Monday, November 1, 2010

Who I voted for and why

To get everyone excited for election day tomorrow and to pad my Day 1 NaNoWriMo count (I'm doing great, thanks for asking and yes, this counts, because it's my novel and I say so) I am going to write a quick post about how I voted this election and why. Last election (2008), by no intentional design, I voted exactly 50/50 Republican Democrat (excluding when a Republican ran unopposed) with one Libertarian. This election I voted for only one Republican (excluding when a Republican ran unopposed and mainly just to avoid voting for only one party) and Libertarian and all the rest Democrat. Some of this, I'm sure, is due to the fact that I am becoming more liberal in my old age. No need to go into why here. But part of the reason is because Republican's in Utah have shifted too far to the right. I like to think that more than a Republican or a Democrat I am a realist and a conservative (old sense of the word again). Meaning, I want to elect officials who in a meaningful way will try to represent their constituency by building on existing laws in a meaningful and productive way. This generally excludes any member of the Tea Party.

And so, my explanation on almost all my votes goes like this: The Republican candidate was much too "conservative" by which they meant radically anti-government. Many vague claims about "restoring the constitution" and "a Christian nation" were backed up by little real policy. Okay, talk about Obamacare all you want. It might end up being expensive, but certainly will never be a major factor in the overall budget. Are you going to privatize social security? Will you make major cuts in education funding? Eliminate Medicare? Those are the real big ticket items. An honest libertarian will make a stand against them, like Rand Paul. The majority of tea-party republicans running are willing to make no such concessions, because, people love social security and education and Medicare. The democrats running know they don't have money to spend and won't spend it willy-nilly because there is no faster way to lose their job. And, get this: they offer solutions. The true conservative choice in this election is democrat all the way.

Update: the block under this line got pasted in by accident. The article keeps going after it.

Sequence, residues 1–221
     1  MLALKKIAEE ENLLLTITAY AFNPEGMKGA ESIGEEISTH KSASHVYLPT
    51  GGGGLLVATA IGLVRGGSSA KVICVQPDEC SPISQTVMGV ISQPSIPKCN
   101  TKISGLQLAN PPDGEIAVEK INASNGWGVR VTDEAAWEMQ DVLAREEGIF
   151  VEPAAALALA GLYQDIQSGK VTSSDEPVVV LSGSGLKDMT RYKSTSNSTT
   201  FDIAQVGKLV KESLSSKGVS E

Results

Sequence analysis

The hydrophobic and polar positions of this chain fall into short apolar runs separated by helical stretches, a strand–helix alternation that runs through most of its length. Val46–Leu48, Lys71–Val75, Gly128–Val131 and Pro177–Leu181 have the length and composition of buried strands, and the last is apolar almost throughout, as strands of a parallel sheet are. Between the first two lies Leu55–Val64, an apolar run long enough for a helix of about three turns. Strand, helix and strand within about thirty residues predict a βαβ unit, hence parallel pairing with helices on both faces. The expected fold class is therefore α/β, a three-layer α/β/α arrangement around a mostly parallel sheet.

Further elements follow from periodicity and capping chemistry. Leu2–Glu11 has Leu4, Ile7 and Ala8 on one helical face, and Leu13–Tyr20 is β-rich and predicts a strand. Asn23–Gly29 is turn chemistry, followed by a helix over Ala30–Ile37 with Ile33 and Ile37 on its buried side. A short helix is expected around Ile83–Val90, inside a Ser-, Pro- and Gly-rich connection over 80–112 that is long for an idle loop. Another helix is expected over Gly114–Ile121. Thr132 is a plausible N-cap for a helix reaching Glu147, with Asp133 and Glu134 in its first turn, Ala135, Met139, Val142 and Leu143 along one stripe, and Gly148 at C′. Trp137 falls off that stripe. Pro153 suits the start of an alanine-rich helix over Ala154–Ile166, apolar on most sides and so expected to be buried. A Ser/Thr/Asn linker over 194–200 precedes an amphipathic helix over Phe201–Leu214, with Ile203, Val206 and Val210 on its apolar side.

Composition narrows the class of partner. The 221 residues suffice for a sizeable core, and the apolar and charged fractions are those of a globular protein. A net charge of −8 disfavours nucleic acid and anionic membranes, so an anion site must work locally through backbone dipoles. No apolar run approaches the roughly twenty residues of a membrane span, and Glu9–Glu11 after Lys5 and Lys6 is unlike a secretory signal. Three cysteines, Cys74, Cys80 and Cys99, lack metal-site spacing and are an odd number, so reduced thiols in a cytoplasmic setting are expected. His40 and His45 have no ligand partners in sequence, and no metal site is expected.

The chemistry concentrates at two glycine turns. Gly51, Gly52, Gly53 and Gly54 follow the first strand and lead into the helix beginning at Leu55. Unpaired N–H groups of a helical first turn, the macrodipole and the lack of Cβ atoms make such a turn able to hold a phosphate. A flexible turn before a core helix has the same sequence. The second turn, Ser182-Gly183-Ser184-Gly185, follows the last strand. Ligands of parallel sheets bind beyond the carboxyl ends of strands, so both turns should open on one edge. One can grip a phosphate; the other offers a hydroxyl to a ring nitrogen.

Exceptions: I considered Herbert for Governor. He has established enough conservative creds that he doesn't have to bow to the Tea Party. He's done some good things, some things I don't like. But I loved Carroon's campaign. He had a Republican running mate, which was the deal-sealer for me. If Bishop had been running in my district I would have thought about voting for him. Chaffetz, not so much. He was just an early leader in the tea-party movement. This doesn't really count, but I really wish I had been in district 63 so I could vote for Don Jarvis. He's the man.

I do, however, realize that no one but the lone Republican I voted for will win. That's okay. I still had to cast my vote for common-sense, not empty idealism.


  1. " Some of this, I'm sure, is due to the fact that I am becoming more liberal in my old age." Old age my foot.

  2. I like that you voted for the individual candidate, and not the party. I voted 67% Democrat in 2008, but will not lean so far left this year.

    I wanted to vote for the libertarian candidate for governor, a black male homemaker who helps homeschool his kids, but Christopher convinced me that his plan to infuse the state with money from gambling, horseracing, and marijuana was probably not the best solution to our economic woes.